NEWBURYPORT — City and state officials gathered yesterday for a groundbreaking for the Nock-Molin Middle School renovation project, and congratulations and high expectations were the themes of the morning.
“Construction on this project represents another step of the community coming together,” said Mayor Donna Holaday. “We knew we had educational needs, we made a plan and then we created a campaign to inform residents of what had to be done.
“The voters gave us strong support and the work is beginning. We did it.”
Last year, Newburyport voters passed a property tax increase to fund the renovations to the school, as well as the construction of a new Bresnahan Elementary School and a senior center.
City officials say the major renovations at Nock-Molin will ease overcrowding and provide repairs and renovations.
The school, which encompasses about 161,000 square feet, is scheduled to receive new mechanical, lighting and electrical systems. In addition, improvements will be made to roofing, masonry and exterior windows.
Municipal leaders say that cost of the project is $27.9 million, with the state paying about 53 percent reimbursement from the Massachusetts School Building Authority.
Completion date is said to be August 2014 for the 875-student school, which hosts grades 4 through 8.
State Treasurer Steve Grossman said, “One of the greatest investments a community can make is in education. This project will provide new spaces for youngsters, which will result in additional opportunities to learn.”
“This is the proudest moment I’ve had as a state representative,” said state Rep. Mike Costello, D-Newburyport, who has two children at the Nock-Molin complex. “Years ago we changed the funding system and earmarked a small part of taxes to be set aside for schools.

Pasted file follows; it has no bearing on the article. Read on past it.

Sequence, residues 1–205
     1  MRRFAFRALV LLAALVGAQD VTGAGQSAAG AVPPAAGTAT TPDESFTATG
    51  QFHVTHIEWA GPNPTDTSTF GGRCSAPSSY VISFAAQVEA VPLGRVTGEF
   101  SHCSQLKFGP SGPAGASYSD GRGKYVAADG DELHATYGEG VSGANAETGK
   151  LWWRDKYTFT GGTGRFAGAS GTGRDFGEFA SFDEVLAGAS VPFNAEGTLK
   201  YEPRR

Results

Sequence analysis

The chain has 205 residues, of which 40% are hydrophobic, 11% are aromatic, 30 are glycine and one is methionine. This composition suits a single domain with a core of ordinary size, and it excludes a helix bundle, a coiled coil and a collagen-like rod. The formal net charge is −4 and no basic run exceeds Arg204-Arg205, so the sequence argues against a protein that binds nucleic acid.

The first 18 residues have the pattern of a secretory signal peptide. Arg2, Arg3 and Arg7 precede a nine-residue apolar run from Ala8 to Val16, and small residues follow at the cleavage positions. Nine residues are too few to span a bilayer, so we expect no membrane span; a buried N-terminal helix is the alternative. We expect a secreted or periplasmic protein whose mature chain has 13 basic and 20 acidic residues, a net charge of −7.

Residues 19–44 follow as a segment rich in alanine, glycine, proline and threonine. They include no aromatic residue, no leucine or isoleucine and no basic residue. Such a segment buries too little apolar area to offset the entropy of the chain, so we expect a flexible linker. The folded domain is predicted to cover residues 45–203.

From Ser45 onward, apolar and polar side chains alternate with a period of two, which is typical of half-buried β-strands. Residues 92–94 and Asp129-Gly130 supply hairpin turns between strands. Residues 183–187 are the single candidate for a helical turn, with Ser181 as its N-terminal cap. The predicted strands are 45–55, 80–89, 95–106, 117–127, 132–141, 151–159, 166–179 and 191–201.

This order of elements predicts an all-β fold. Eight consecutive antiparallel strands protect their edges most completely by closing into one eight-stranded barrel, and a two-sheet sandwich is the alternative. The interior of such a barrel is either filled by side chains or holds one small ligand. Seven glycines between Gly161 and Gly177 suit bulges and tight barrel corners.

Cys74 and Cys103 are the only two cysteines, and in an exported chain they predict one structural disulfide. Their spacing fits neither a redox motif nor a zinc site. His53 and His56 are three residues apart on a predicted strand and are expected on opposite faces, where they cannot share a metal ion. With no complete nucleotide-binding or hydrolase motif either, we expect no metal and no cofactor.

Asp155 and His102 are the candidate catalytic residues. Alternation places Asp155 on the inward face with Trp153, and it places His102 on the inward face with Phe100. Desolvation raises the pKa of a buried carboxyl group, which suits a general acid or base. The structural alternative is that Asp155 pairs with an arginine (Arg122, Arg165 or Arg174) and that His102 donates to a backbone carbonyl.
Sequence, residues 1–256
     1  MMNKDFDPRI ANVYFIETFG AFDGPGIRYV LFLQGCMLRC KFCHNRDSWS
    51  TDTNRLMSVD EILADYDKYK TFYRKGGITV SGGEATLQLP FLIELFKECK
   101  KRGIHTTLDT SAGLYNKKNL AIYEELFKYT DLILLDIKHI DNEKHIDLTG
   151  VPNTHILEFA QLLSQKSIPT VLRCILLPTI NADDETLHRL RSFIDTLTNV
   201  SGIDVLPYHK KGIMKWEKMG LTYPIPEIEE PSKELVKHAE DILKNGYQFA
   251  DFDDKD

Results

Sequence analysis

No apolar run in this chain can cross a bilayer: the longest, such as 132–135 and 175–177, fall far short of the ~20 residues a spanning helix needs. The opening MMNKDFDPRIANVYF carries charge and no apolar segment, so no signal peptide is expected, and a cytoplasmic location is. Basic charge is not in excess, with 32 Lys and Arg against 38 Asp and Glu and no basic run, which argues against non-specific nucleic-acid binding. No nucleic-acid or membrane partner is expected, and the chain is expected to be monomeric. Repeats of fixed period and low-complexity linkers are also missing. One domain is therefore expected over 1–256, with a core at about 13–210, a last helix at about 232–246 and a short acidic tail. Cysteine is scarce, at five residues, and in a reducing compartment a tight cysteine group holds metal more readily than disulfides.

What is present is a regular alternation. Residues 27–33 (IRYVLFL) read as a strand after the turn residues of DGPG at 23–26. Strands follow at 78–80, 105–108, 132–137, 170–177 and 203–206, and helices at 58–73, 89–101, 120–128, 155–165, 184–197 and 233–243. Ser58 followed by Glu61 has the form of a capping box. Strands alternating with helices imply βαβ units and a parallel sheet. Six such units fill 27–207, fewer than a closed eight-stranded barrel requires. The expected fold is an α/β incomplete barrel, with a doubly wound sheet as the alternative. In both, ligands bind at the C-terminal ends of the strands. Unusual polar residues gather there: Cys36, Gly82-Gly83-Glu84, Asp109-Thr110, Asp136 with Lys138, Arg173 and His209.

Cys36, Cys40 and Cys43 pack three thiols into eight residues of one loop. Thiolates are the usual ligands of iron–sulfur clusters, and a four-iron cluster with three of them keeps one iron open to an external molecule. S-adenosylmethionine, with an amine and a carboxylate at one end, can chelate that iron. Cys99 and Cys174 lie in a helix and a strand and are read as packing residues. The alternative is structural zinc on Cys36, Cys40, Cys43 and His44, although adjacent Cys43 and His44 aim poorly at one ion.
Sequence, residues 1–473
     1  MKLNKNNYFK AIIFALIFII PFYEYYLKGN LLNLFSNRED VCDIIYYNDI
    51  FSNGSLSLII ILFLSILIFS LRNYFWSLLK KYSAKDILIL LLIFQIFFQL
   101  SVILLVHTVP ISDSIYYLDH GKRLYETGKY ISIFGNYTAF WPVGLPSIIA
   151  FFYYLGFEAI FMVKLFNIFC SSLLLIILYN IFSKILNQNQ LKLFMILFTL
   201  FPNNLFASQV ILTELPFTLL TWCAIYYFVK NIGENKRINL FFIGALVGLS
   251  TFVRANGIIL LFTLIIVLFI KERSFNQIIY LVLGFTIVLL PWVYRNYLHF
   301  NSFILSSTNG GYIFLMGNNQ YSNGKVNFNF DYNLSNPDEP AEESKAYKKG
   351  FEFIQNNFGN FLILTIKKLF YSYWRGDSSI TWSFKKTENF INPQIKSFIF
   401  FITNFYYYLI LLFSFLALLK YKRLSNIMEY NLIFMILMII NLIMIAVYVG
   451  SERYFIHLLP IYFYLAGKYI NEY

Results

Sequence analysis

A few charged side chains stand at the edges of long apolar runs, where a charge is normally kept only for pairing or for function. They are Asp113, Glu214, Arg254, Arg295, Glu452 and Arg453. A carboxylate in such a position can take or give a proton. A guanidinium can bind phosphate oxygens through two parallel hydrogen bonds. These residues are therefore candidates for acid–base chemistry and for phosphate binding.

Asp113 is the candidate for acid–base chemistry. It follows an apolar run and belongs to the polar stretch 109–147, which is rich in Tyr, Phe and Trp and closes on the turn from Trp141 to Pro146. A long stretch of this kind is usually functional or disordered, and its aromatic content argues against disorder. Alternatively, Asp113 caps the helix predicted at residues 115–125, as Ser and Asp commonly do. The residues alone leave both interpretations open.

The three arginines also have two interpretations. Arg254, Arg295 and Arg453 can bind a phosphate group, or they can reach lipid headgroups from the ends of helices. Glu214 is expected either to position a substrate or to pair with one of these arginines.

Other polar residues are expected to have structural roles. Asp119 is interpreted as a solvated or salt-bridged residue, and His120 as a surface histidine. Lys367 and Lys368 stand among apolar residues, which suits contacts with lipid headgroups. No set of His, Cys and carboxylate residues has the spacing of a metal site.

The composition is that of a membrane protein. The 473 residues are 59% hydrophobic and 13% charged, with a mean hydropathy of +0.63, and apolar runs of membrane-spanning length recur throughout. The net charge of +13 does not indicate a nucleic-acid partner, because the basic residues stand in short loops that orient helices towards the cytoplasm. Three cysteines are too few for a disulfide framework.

“Today we’re seeing the value — a school that will be improved and upgraded so youngsters will have a great learning experience.”
State Sen. Kathleen O’Connor Ives, D-Newburyport, told several dozen youngsters chosen to attend the ceremony that “A community wants to keep improving so it will be a great place to live, and have quality schools that can prepare youngsters like you.
“This is a very good day for the city and for its students.”
Holaday recognized those in the Port Pride campaign and one of its key leaders, Meghan Kinsey, for its successful effort in persuading voters to pay for renovations at the Nock-Molin, a new Bresnahan Elementary School and a proposed senior community center.
The Nock school was built more than four decades ago, and at least one observer had memories of its earliest days.
“I was at the first groundbreaking, in about 1970,” said a senior construction executive, who was not identified. “I didn’t think I’d see a second, but this will make for a better school and educational experience.”